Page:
I am a fifth generation owner of a 165 year-old manufacturing business based in the Midwest. I have been involved in our family governance system since its founding 10 years ago, serving as the family council chair for the past four years. There are 135 family shareholders who own about 97% of the company stock, and the entire family, including non-shareholders numbers 220.
When I took on the task of creating a family governance system, my primary objective was to unify the family and give them a “voice.” While I knew it would be impossible for the 100 shareholders at the time to agree on anything, I had no idea how many constituencies I would have to consider when trying to understand the diversity of perspectives in my family.
Our first attempt to represent the views of the shareholders, while acknowledging the importance of various constituencies, was reflected in the configuration of the council itself. We recognized that there were six branches of the family that would expect to be represented on the council. This was especially important because the corporate board was reducing the number of family directors, which meant that all branches would not have representation on the board.
Recognizing the value of the married-in perspective, we also insisted on having at least one member from that constituency. Historically, married-ins have always played an important role in the business. In fact, when our founder faced a serious capital shortage 150 years ago, he decided to incorporate, and his father-in-law agreed to purchase 460 of the 500 shares issued at that time, giving 10 of those shares to his daughter. Other business colleagues bought the remaining 40 shares, but our founder had none. While he was able to buy the shares back 20 years later, the appreciation of married-ins as a critical resource was cemented in our family business culture going forward. Today, the successful president of one of our two businesses is a married-in.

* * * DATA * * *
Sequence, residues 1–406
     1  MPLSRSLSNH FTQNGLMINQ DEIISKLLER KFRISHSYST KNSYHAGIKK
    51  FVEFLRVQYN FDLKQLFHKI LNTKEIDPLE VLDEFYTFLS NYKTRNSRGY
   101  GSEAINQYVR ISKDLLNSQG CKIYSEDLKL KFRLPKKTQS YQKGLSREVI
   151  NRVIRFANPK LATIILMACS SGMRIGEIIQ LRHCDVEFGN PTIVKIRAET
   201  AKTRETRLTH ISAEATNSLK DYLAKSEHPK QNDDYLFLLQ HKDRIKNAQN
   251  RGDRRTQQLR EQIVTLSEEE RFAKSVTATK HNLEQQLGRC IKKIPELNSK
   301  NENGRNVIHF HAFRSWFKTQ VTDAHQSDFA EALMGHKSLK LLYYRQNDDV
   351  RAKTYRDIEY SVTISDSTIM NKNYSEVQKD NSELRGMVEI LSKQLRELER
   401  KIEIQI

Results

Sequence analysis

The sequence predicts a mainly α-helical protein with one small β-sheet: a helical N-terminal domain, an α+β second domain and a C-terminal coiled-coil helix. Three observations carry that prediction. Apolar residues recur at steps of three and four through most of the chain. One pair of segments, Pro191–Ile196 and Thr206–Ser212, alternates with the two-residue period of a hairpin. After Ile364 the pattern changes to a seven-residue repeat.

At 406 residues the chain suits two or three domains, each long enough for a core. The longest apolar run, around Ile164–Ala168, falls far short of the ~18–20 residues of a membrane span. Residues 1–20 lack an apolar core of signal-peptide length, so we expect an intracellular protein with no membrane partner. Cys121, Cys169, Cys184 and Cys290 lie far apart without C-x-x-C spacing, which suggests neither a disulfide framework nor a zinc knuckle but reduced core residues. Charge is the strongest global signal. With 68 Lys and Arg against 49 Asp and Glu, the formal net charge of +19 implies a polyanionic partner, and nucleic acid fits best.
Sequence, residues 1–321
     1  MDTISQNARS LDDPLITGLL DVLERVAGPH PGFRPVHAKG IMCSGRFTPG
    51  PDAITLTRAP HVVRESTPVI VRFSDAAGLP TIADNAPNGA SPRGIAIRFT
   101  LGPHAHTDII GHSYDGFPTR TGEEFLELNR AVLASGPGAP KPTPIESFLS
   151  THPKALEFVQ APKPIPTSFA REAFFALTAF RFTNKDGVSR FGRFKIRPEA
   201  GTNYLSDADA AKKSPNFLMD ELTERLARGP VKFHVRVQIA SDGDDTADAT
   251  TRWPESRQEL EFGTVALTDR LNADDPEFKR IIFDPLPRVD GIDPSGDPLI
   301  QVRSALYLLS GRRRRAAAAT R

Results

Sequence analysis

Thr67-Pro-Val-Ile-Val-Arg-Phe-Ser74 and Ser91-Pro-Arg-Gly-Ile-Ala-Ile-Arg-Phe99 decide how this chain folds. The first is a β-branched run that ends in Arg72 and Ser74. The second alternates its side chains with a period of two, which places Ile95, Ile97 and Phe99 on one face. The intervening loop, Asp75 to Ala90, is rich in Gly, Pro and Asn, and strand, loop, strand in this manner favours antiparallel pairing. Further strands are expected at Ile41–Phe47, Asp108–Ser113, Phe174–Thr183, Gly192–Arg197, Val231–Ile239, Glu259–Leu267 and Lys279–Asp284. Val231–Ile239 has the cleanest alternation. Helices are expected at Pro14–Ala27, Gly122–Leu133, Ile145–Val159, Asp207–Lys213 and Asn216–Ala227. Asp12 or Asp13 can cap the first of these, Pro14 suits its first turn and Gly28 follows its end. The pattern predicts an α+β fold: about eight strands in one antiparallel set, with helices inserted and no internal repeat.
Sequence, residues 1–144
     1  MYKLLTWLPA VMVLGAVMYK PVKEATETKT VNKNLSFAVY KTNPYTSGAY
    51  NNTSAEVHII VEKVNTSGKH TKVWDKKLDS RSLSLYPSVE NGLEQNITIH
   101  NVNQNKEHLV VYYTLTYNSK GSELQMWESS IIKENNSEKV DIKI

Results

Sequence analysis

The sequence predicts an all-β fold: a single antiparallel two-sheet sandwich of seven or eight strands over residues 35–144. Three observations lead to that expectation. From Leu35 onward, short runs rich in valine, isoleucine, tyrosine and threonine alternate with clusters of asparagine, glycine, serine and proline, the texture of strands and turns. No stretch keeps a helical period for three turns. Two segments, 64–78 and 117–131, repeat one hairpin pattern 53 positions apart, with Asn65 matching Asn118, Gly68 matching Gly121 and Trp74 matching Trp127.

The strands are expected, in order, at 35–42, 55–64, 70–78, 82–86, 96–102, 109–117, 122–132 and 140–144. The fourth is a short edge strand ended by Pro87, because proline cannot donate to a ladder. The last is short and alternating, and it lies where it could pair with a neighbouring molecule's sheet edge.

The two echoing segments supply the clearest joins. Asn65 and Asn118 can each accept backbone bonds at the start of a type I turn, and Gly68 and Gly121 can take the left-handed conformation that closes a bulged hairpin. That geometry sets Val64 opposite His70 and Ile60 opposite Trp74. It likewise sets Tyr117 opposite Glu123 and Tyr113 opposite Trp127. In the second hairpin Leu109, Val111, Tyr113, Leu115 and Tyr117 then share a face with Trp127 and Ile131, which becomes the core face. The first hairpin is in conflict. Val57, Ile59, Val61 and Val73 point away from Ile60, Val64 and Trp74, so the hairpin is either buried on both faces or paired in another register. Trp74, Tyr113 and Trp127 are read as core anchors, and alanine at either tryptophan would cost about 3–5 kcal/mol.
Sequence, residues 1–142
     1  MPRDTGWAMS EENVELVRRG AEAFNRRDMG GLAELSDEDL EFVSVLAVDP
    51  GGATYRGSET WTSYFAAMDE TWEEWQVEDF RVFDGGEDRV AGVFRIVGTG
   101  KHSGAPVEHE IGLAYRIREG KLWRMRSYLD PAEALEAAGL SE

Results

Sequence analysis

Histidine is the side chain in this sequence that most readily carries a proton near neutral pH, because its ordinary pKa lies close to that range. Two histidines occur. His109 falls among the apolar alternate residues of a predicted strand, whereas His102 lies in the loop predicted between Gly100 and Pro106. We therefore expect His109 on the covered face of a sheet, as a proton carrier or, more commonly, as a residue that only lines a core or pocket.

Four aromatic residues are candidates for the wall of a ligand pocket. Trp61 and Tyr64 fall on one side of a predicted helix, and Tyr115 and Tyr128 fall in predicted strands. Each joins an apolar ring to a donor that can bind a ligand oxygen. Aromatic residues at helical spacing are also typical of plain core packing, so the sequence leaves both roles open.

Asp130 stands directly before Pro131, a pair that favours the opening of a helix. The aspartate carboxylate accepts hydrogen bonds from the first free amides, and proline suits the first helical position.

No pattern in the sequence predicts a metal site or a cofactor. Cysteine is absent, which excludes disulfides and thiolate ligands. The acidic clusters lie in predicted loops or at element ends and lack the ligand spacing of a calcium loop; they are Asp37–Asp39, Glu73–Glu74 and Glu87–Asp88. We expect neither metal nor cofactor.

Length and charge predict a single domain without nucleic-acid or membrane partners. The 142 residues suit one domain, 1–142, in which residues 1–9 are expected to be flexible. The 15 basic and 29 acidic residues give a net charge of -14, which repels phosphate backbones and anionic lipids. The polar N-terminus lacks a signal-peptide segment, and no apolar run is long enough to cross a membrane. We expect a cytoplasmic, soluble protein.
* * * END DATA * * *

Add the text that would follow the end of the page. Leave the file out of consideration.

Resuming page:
We also wanted to make sure that women were well-represented on the family council. Once again, going back to the beginning, the women in our family have played an important role, owning shares during a time when it was unusual for women to do so. In one case, a sister owned more shares than her brothers. Because of an inheritance from a favorite aunt who had no children, my grandmother (G3) ended up with more shares than her two brothers, who were working in the business.
Another constituency that required consideration as we were envisioning the council was defined by generation. When we created the council, our 4th generation family leaders had retired and were not interested in serving on the council. However, in retrospect, it was a mistake not to insist that we have one representative from that generation. A lack of understanding of family governance in the family led to resistance from many, but especially in that generation. If there are representatives from all generations on the family council, the family benefits greatly from the wisdom of the older generation, the energy and time offered by the middle generation (especially when they are established in their careers or retired) and the new ideas of the next generation. For example, as we have expanded the number of next gen on our council, the way we communicate to the family has changed radically. We now use a multi-platform approach for communications which enables us to reach more family members, thereby improving our ability to develop programs, plan events, and provide nuanced feedback to management and the board.
While the family council doesn’t actually represent the family-members-on-the-board constituency, the views of that group are critically important to consider at all times. In our family this group of three family members, which includes the chairman of the board, requires special attention. At this time, one of our council members serves as a corporate director, but this is not a requirement for the council or the board. Nonetheless, alignment between the family council and the family board members is essential when setting priorities, developing family policies and programs, and working with management.